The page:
As of the time of this posting, the video has almost double the dislikes than likes on Youtube. The main criticism seems to be that the Spanish crew didn’t search out enough of the good aspects of Cali. At the same time, after having watched the entire 50 minutes, I can say that if you know Colombia, Colombians and how outsiders tend to treat both subjects, it’s easy enough to find the documentary enjoyable by knowing how to filter it properly.
January 23, 2011 § Leave a Comment
“Jorge Elias Benjumea proudly inspects his plantain field. The 46-year-old father of three says he’s not only happy his crops are doing well, but also, for the first time in years, he can tell the world that what he’s growing is legal.
Benjumea, a resident of the Colombian province of Meta; used to grow coca, the plant from which cocaine is produced. “Everything is different now, more peaceful. I go to bed at night with no worries,” Benjumea says.
He used to make $2,800 a month growing coca. Now he makes about $840 with plantains. On the flip side, he doesn’t have to deal with guerrillas or drug traffickers anymore. The Colombian government has greatly increased its military presence in the area, improving security and giving farmers an alternative to growing coca.” – CNN (more here)
November 13, 2010 § 1 Comment
One of my most popular posts in terms of views is on the chiguiro meat market, which is a repost of an article I found about how chiguiros (or, capybaras in English) are being killed for their meat. Sure, they are rodents but when you watch videos of them you start to see they have personalities like most other animals. That’s why I’d like to talk about the capybara pet market…which I practically know nothing about, though, I found an American woman who does.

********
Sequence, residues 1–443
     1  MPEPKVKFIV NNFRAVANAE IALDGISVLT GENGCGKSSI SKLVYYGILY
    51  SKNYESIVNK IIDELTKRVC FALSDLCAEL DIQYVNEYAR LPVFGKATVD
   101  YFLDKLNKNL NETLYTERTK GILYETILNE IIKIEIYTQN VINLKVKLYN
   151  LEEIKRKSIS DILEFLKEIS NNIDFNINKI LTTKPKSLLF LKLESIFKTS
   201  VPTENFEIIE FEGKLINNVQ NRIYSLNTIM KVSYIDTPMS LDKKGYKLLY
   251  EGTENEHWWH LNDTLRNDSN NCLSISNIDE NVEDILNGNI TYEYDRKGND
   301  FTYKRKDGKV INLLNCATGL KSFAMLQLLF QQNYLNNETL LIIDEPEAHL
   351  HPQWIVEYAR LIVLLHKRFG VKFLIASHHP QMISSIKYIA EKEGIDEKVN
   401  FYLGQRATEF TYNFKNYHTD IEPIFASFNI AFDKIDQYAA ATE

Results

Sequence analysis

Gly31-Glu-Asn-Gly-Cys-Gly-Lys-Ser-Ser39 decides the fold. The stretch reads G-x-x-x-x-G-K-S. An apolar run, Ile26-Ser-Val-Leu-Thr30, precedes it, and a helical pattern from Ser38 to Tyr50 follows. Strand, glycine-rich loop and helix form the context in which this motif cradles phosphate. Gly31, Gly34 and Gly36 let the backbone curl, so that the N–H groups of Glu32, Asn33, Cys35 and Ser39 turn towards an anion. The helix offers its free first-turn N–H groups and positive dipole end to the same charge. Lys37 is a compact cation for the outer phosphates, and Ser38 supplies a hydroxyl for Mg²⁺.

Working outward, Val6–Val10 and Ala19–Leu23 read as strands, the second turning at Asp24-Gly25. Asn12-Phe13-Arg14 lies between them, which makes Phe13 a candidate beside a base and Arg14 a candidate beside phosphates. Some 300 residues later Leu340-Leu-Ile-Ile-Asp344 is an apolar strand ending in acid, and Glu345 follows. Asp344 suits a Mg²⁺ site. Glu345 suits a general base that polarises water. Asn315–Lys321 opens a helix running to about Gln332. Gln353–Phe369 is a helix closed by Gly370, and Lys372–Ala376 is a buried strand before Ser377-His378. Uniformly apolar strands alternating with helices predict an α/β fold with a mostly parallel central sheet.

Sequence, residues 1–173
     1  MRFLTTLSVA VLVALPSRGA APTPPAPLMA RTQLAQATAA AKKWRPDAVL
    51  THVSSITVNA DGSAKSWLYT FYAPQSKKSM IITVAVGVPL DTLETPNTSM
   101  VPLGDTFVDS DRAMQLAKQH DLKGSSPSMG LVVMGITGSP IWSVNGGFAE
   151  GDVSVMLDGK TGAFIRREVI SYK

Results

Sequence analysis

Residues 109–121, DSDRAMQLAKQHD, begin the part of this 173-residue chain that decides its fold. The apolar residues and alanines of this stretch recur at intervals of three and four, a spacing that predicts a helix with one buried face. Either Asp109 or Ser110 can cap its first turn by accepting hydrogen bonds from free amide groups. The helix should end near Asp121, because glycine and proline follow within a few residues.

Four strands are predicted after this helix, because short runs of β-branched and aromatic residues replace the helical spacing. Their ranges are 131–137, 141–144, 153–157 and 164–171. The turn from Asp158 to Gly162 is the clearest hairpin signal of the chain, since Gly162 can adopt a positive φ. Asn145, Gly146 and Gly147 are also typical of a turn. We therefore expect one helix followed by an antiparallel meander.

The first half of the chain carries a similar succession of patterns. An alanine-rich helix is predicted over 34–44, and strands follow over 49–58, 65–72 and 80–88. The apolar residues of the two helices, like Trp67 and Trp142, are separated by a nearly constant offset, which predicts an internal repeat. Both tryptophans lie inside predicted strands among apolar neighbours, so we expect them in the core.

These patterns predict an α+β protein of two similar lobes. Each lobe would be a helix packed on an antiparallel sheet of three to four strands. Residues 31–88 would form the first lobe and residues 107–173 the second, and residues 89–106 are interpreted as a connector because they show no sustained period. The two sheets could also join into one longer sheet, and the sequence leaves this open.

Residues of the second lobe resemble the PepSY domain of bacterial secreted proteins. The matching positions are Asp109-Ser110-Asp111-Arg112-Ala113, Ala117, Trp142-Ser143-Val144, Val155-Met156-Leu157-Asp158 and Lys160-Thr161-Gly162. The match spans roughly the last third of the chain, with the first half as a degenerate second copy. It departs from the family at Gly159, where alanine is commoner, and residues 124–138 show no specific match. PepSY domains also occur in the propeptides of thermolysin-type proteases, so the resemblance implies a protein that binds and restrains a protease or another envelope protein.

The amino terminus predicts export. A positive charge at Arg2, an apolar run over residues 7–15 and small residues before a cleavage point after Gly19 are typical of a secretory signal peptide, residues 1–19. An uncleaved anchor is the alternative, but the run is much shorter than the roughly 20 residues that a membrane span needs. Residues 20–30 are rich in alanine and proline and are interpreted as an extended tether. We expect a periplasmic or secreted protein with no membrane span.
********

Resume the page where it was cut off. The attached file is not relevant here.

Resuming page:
Find out more about Caplin the Capybara, as well as information that goes from general to specific over at Giant Hamster (you may want to give the site some time to load). Caplin is so smart, the blog is in first person, plus he tweets, ‘facebooks’ and a whole bunch of other things!
November 13, 2010 § Leave a Comment
“A Colombian healer is being held in US custody after authorities discovered a psychedelic concoction when he flew into Houston International Airport in Texas. On Tuesday, October 19, medicine man Taita Juan Agreda Chindoy was detained and then arrested by the Immigration and Customs Enforcement for possession of his traditional medicine Ayahuasca.
The shaman, who was on his way to Oregon to give a presentation, is now being charged as a federal criminal and is facing up to 20 years in federal prison after he flew in from Colombia. Taita Juan, a traditional healer of the Cametsa people who live in the Sibundoy Valley in Colombia’s Alto Putomayo region, is certified by his community and by the Colombian Ministry of Health as a traditional healer.
But despite his revered position, he faces drug trafficking charges because ayahuasca is banned under the US Controlled Substances Act as it contains DMT, a fast-acting hallucinogenic chemical. Taita Juan’s supporters have set up a website, www.freetaitajuan.org, to campaign against his arrest.” – Daily Mail